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Seven Tips For Making Your Goals Come True For Your Chiropractic Practice
Dec 18, 2006

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GOALS 2007: Part 1                   

You set goals for your chiropractic practice, right?  Maybe you do it on a monthly basis. Some chiropractors even set weekly and daily goals. Almost everyone decides on a goal or two at the beginning of each New Year.

This is good, usually.

Goals help you to focus your energies towards outcomes that help you survive and succeed. Without goals, it is easier to become distracted. At the end of the day, month, or year, you can look back and realize that, even though you were very busy, you may not have gotten much done. And in business, what counts in the end is what you get done.

But there are dangers in setting goals too. I have seen staff meetings where goals were set and after an initial flurry of activity for a week or so, the office numbers crashed to the basement and stayed there for months afterward. 

Setting your goals is a function of managing your business.  But just throwing out a number for a goal can be a lazy way to manage. It omits many key elements that have to be in place for goals to work.

Here is a list of seven critical factors that can help you achieve the goals you set for the New Year.

  1. Set Time Aside to Plan Your Goals.  Goal setting is working on your business. As a doctor, you spend most of your time working in your business. The ratio varies, depending on the condition of things, but it should never be less than 5% of your time, and can take as much as 30% of your time when you are just starting out, or rebuilding.

  2. Outcome Goals First.  Usually, goals are set for certain office statistics such as income, office visits, and new patients. These represent the results of excellent service and procedures. There are many other outcomes for which goals can also be set.

    These are simply numbers, of course, but they represent the outcomes of hard work excellently applied. We often look at these as “scores” that show how well our health care “team” played, doctor(s) included.  This puts it into a less serious but still highly focused frame of reference.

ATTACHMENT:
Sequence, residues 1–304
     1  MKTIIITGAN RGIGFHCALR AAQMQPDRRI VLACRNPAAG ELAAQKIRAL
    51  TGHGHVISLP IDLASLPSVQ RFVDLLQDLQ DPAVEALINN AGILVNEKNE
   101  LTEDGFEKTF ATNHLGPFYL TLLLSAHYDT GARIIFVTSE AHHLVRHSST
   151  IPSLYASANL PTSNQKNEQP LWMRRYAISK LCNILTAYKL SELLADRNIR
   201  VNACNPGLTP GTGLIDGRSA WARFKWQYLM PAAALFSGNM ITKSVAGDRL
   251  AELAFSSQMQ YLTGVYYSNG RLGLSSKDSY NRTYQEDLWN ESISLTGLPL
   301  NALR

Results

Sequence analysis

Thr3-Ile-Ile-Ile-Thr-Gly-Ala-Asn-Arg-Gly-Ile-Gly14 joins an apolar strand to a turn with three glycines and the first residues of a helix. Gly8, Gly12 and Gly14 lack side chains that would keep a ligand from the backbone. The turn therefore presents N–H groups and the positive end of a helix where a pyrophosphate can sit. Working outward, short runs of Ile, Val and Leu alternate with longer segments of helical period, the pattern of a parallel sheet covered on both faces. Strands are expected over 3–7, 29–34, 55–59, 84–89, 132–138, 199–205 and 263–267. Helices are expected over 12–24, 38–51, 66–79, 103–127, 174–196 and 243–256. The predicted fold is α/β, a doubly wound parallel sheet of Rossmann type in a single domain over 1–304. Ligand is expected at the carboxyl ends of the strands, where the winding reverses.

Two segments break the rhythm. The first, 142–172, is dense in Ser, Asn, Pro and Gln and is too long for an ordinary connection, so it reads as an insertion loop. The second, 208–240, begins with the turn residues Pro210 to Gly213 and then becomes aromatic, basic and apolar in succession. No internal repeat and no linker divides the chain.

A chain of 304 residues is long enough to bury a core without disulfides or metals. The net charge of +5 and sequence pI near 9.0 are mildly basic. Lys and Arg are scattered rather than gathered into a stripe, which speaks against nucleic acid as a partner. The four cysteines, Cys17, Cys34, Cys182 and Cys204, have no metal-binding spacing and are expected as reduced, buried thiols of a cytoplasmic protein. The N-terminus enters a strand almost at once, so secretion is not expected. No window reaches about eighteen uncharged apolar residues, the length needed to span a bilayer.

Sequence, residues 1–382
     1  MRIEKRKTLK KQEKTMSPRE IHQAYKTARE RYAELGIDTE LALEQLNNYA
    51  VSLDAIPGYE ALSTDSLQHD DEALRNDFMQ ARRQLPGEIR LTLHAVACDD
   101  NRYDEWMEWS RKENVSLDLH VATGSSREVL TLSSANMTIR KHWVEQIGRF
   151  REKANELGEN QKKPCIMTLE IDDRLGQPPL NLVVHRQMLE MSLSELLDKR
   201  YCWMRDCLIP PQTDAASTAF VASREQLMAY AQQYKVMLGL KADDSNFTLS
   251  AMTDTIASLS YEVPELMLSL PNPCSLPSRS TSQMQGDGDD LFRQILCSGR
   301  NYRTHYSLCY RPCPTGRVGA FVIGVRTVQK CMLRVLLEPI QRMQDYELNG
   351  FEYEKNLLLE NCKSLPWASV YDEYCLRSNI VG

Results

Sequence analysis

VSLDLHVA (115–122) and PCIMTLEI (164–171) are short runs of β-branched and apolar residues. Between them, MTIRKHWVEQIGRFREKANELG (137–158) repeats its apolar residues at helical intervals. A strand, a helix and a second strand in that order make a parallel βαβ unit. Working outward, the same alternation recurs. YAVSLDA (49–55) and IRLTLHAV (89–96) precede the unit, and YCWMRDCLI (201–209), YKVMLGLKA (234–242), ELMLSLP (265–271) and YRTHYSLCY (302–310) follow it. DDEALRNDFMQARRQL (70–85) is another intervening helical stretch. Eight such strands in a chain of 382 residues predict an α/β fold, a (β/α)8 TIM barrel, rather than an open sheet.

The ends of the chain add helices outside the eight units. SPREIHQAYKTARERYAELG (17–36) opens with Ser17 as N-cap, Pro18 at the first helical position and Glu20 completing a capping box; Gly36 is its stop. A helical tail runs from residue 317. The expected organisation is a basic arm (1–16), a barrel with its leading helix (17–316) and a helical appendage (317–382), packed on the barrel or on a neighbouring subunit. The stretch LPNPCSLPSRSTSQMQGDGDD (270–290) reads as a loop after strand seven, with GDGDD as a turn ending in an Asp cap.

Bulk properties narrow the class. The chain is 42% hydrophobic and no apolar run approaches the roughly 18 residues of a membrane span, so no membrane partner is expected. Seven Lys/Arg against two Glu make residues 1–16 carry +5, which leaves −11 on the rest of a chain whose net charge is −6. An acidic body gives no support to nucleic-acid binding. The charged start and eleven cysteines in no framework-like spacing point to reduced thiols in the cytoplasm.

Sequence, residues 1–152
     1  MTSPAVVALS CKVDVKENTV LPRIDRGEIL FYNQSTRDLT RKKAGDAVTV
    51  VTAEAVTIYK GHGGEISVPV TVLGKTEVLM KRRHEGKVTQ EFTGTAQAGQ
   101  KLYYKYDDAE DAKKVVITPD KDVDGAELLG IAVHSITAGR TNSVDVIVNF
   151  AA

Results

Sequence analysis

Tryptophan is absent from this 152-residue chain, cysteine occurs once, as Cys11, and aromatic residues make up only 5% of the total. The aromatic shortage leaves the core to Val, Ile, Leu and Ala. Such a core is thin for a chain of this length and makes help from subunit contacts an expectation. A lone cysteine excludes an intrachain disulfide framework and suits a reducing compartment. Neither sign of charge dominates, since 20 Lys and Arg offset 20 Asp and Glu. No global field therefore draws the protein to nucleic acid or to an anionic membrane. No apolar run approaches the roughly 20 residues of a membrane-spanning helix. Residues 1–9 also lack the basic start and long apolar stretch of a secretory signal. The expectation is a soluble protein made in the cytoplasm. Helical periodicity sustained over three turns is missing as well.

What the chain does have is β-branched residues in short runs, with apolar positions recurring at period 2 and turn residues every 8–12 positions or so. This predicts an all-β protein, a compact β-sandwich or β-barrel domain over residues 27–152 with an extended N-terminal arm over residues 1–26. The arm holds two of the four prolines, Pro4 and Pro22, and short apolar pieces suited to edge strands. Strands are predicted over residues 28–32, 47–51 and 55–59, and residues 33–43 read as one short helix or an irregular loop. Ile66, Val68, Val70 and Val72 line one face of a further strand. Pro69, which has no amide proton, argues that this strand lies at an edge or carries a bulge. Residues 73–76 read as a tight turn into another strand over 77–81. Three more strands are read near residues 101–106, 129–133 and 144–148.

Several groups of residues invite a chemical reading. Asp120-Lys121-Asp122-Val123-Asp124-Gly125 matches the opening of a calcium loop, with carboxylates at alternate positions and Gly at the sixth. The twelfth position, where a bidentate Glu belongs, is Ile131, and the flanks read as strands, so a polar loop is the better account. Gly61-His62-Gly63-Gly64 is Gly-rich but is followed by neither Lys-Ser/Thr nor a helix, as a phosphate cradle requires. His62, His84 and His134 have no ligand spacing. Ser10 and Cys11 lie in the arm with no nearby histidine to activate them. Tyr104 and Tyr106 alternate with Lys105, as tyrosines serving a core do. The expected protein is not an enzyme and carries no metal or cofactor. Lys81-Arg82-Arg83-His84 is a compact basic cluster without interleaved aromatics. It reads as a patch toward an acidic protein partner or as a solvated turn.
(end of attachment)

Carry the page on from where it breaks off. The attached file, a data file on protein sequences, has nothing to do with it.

The numbers are very important. They represent real outcomes that are not open to much interpretation.  The money comes in and you can pay your staff. If the money doesn’t come in, they are out of a job and you cant pay for your kid’s education.  Successful doctors watch the numbers daily. Doctors that are not successful seem to have distaste for monitoring their practice statistics.

    There is a downside to this: you can become so caught up in the numbers that what they represent gets forgotten. An office that becomes too focused on just the numbers can get overly stressed and fail.  The goals represent, ultimately, “helped people.”  To achieve your goals, you have to push sometimes. The key is to push on and care about what those numbers represent, and what makes those numbers go up, such as procedures.

  3. Procedure Goals Second. Improve your procedures.  Set goals for improving certain organizational processes in your office, including chiropractic patient education, first day services, patient financial consultations, referral generation, and chiropractic marketing. (Our next article on goal setting focuses on this type of goal.)

  4. People Goals. Your doctors and staff are going to be implementing the procedures. If you want better outcomes, and improved procedures, then you better also set a few goals to improve the skills of your staff. Regular monthly in-service trainings can go a long way to train staff. Videos, coaching, and an outside seminar every now and then also help. Keep working to upgrade the skills and motivation of your staff and set goals to do so. You can also set goals for hours of training each month.

  5. Mission. This is the most important step of your goal setting.  Aside from your business mission, which is to generate profit, the mission you and your office are charged with as chiropractic doctors and staff should drive all that you do.  This actually is often worked out first before any goals are set.  However, working out your mission can sometimes become so visionary that you can lose track of what needs to be done in the next time period. To keep it real, work out your outcome goals first. Once you have worked out your mission, you then can go back to readjust any of your outcome goals.

  6. Keep it Real. Aim higher, but not too high. Take a look at what you did at the same time last year and at the last time period (week, month, year, day).  Take into account any projects that may affect the goals. For example, if you are planning a vacation, lower the goals for that time period. Keep it real. Also, readjust your goal each month, week, or period. Don’t just keep it at the same level.

  7. Systematized Review. A procedure we use in the Marketing Manager System(sm) (a marketing system for chiropractic offices) is very useful.  For each time period, we have worked out specific steps to accomplish three things:
  • Review. Look at the outcomes and sometimes a fast assessment of what was done or not done.
  • Plan.  Based upon the evaluation, make new goals and set new procedures.
  • Implement. Establish follow up and accountability procedures to ensure the plans get done.
Use these seven factors in setting up your goals and you will have a much better likelihood of achieving them and having more fun in the process.

Ed Petty


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